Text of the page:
I think the claim about the cultures in yogurt says the good bacteria don't survive the digestion process. So a live culture in the container is a dead microbe by the time it gets to where it's needed -- your gut. Pills are theoretically better. Why? Dunno.

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SDaniels Sept. 4, 2009 @ 6:12 p.m.

As someone who has taken VSL#3 and other medical grade lactobacillus, I can say that Matthew Alice has it partially right. You have to bombard the gut! (Why, I'm not entirely sure). However, a pill is not as effective as a packet, stirred into cold water.

I've always found kefir to be more effective than yogurt in terms of bacteria absorption, too. It comes in soy, too, and is more like a delicious yogurt 'drink.'

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Joe Poutous Sept. 4, 2009 @ 7:32 p.m.

Finally watched your video Barb (youtube is blocked at work). That looks like fun!

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magicsfive Sept. 4, 2009 @ 7:38 p.m.

ok see what i mean? and barb i am not criticizing you or your story..i know you have nothing to do with the editing. i enjoyed it as usual..and i LOVE the F word too. but why do our comments get censored but not the writer's?? Reader_Web_Admin? any thoughts?

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virtuallynothing Sept. 4, 2009 @ 7:57 p.m.

OPINION | August 31, 2009 Advantage France By ROGER COHEN Time bows at the altar of gastronomy in France. In the U.S., time is the altar.

http://www.nytimes.com/2009/08/31/opinion/31iht-edcohen.html?emc=eta1

If you read the article above, perhaps time is the ultimate anti-oxidant, if we use it, and don't waste it. We not only miss the forest for the trees, we miss the trees for the, acai, Quercetin, flavonoids, we're measuring to get 40 TIMES more.

I'm in agreement with you!

But walk-the-walk.

I understood the video's "intense plum, roasted fig, BACON FAT, mineral aromas alongside blackberry, boysenberry, and white pepper" to be someone's Scrabble-game description of Syrah (or a Syrah dominant blend). So what?

Why did you go on-line to organize your “Seems most scientists agree that free radicals are part of life and that antioxidants are good for you, but that they only work in their natural form...something about how the molecules need to be bound to the apple skin or blueberry in order for the body to process them in a beneficial way"?

Be careful in those houses overlooking the SB Channel - tremendous views, but if you look too closely, you may find they're all glass.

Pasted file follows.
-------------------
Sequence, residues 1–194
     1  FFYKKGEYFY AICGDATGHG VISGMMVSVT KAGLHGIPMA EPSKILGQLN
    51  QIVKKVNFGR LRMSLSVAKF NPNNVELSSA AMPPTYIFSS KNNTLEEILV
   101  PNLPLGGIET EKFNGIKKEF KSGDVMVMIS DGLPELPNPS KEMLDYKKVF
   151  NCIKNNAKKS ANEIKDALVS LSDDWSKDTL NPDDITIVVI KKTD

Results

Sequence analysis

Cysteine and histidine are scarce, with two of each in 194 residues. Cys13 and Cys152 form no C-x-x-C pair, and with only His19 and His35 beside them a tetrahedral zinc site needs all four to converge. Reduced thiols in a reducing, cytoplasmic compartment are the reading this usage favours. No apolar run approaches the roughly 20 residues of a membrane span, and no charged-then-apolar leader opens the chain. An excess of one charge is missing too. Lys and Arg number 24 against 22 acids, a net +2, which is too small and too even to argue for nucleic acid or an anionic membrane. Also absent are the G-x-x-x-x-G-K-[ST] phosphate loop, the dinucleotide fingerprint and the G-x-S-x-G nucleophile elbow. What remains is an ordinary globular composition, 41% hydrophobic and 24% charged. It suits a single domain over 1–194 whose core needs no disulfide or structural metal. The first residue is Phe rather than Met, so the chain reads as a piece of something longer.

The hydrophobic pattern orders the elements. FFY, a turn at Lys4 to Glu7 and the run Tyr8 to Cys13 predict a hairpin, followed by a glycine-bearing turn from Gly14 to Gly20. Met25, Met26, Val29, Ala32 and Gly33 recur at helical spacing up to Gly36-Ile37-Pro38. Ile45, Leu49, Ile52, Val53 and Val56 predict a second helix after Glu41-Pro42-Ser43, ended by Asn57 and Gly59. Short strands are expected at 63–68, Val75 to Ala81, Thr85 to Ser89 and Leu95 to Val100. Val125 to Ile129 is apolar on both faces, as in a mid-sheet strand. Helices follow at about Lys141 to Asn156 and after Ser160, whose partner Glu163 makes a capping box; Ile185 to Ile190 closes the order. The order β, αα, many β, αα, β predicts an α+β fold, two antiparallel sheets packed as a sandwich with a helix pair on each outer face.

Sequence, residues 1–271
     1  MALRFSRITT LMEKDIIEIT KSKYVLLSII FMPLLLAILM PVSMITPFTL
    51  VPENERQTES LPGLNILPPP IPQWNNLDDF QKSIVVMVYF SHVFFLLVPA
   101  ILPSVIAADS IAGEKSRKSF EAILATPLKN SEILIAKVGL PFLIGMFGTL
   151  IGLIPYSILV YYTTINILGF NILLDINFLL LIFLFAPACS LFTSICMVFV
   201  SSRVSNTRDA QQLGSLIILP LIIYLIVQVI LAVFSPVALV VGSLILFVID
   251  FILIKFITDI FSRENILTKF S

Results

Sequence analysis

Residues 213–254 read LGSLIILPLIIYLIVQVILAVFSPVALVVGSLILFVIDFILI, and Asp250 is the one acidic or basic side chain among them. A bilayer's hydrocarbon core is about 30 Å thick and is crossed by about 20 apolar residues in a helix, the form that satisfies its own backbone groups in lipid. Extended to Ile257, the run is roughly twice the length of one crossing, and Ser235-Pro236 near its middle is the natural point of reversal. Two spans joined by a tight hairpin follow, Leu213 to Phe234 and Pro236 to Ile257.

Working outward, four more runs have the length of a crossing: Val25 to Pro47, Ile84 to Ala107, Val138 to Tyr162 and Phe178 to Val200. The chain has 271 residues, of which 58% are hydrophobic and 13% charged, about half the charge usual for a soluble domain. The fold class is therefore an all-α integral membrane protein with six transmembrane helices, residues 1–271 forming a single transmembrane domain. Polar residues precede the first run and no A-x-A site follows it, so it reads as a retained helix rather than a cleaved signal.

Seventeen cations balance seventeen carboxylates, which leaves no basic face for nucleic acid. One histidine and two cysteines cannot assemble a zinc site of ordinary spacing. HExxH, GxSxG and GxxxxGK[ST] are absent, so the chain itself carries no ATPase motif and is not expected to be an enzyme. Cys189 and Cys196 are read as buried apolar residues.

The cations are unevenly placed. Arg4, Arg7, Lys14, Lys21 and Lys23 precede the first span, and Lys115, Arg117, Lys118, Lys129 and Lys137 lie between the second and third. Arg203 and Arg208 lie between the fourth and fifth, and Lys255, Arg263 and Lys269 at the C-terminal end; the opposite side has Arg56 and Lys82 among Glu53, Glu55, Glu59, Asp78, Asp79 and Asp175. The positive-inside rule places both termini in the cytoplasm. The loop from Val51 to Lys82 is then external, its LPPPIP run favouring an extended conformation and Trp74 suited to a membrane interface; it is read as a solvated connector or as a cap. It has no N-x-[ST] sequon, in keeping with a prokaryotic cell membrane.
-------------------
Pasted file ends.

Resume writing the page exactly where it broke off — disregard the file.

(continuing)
Still, loved the column. Keep it up. And, if you want to hassle someone about wine...call me.

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SDaniels Sept. 4, 2009 @ 9:15 p.m.

"intense plum, roasted fig, BACON FAT, mineral aromas alongside blackberry, boysenberry, and white pepper" to be someone's Scrabble-game description of Syrah (or a Syrah dominant blend). So what?"

Whaddya mean, 'so what?' So what to your so what! :) These are awesome and accurate, in my experience.

David, when I get a moment, I will count down my top ten SUMMER HEAT drinking wines, though Barb's sometime suggestion of a chilled white porto sounds good about now...

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David Dodd Sept. 5, 2009 @ 12:40 a.m.

Virtuallynothing: Aggressive-Passive, a bit? Wow.

Both comments are like, "What in the hell are you talking about you %&@#&$#!?"

And end in, "But, nice to know you, love that you love wine."

Just an observation. I love wine snobs, but I sort of expect them to act like good wine. Start well and finish well. If wine assaults the palate but has a good aftertaste, is it recommended anyway?

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virtuallynothing Sept. 5, 2009 @ 12:29 a.m.

Okay, SDaniel, did you read or react? Did you watch the video? Before you "so what" my "so what" you ought to at least notice that I was quoting the woman in the video reading the wine notes, who then said, "I think they make this s*** up..." My comment was based on how I thought it was an accurate description of what sounded like a Syrah.

So, where did I disagree with your "awesome and accurate" experience? The "description of Syrah (or a Syrah dominant blend)" - that was my call - not anyone else's. That wasn't in the video. The 'Scrabble' comment was in response to her "they make this s*** up". People have just as much fun with wine-descriptive words - as they do with free radicals and mixed tocopherols. Yet they criticize what they don't understand or that in which they have no interest.

Still, so what? Let 'em.

Accuracy and perspective, important in comments as it is with wine.

Slow down. Chill. Chill an Albarino or Arneis. They'll start your Top Ten SHDWs alphabetically, and we can argue about Rias Baixas or Santa Ynez.

I love the fact you love wine. Keep it up.

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david Sept. 5, 2009 @ 9:52 a.m.

Albariño is a good choice and would definitely make my list. A few others I like depending on mood would be:

Vinho Verde - made from green grapes. young, tart, low alcohol, not fancy but refreshing like lemonade.